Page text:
I enjoy watching and photographing bird behavior. Recently I had the opportunity to photograph a white-breasted nuthatch pair as they prepared to nest in my backyard. Nuthatches make their nests in natural cavities, such as a broken limb or tree trunk or perhaps an old woodpecker hole. My nuthatch pair found a cavity in tree #13 in my backyard. (See the map of my backyard trees.)
This hole previously had been home to some pesky squirrels. From the corner of my deck, I was able to look through a couple of branches on tree #10 and watch as both male and female nuthatches checked out the cavity I hoped would become their nursery.
The female nuthatch usually constructs the nest, but on several occasions, I observed both the male and female bring nesting material to the cavity. I found it amusing to see that bird behavior sometimes can be like human behavior: I watched the male carry a small twig into the cavity only to have the female follow him right behind, and immediately throw the same stick out of the hole! I watched as they tore strips of bark fiber off a nearby tree and take it into the nest.
As part of their courtship behavior, I witnessed the male feeding the female a seed from my feeder, which he boldly grabbed while I was standing with my camera only a few feet away.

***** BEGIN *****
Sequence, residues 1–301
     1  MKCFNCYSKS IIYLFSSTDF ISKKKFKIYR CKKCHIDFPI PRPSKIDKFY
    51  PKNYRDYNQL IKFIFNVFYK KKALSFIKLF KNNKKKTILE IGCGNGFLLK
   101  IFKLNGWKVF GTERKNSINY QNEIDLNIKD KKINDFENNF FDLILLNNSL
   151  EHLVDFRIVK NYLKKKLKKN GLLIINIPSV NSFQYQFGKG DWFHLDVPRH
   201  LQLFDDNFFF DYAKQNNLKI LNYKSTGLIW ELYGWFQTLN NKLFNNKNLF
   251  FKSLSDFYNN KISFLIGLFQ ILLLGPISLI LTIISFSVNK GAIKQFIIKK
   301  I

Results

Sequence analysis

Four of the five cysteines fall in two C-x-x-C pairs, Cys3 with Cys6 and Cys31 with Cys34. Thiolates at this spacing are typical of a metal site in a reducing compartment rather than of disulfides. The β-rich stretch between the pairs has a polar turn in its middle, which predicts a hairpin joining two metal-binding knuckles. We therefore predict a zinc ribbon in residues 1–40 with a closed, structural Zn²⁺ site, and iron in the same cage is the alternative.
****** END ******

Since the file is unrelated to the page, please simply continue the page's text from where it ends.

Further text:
As I continued to watch and photograph their energetic activity, I noticed the male bring a more significant chunk of something. Zooming in, it appeared to be rust-colored fur from an animal. He carried this material to a fork of a tree, where he pounded it with his powerful little bill. I assumed this would probably become “tenderized” nesting material, but no. What he did next was perplexing; I had never seen or even heard of this behavior before: With the fur in his bill, he began sweeping around the cavity opening with a rapid back and forth motion, as though he was sweeping the floor! Later, I watched him use an insect in the same motion to sweep the entire circumference of the hole.
My curiosity led me to the internet to research this behavior. It is not well documented, but I did find a few similar reports. It has been theorized that this behavior is intended to protect the nest from predators! Squirrels leave a scent trail on the branches of trees that they use to travel around and find their nest. This fur-sweeping motion was the nuthatch’s attempt to cover up this scent to prevent the squirrels from returning to this nesting cavity and reclaiming it.
After a couple of days away from home on a birding trip, I was anxious to see how the nuthatches were progressing; I was hopeful that they had eggs in the nest since they were working on the nest so furiously before I left. Sadly, this story does not have a happy ending. I watched the hole for a while expecting the nuthatches, but I saw no sign of them. Later that evening, I glimpsed movement in the cavity. At first I was excited—until out of the hole emerged a squirrel. The nuthatch’s clean sweep had failed to deter the squirrel from returning and reclaiming the cavity. I still see the nuthatch pair in my backyard fairly regularly. I hope they have found a new cavity to raise their family.